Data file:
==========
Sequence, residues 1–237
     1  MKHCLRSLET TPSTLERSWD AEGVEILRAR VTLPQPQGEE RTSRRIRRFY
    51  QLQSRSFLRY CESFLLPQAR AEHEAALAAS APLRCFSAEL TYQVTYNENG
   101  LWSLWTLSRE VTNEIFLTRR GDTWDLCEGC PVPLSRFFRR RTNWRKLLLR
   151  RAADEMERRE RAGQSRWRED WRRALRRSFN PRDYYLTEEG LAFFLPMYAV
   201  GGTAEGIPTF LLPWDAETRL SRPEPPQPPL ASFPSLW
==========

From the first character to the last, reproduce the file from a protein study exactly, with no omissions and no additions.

Sequence, residues 1–237
     1  MKHCLRSLET TPSTLERSWD AEGVEILRAR VTLPQPQGEE RTSRRIRRFY
    51  QLQSRSFLRY CESFLLPQAR AEHEAALAAS APLRCFSAEL TYQVTYNENG
   101  LWSLWTLSRE VTNEIFLTRR GDTWDLCEGC PVPLSRFFRR RTNWRKLLLR
   151  RAADEMERRE RAGQSRWRED WRRALRRSFN PRDYYLTEEG LAFFLPMYAV
   201  GGTAEGIPTF LLPWDAETRL SRPEPPQPPL ASFPSLW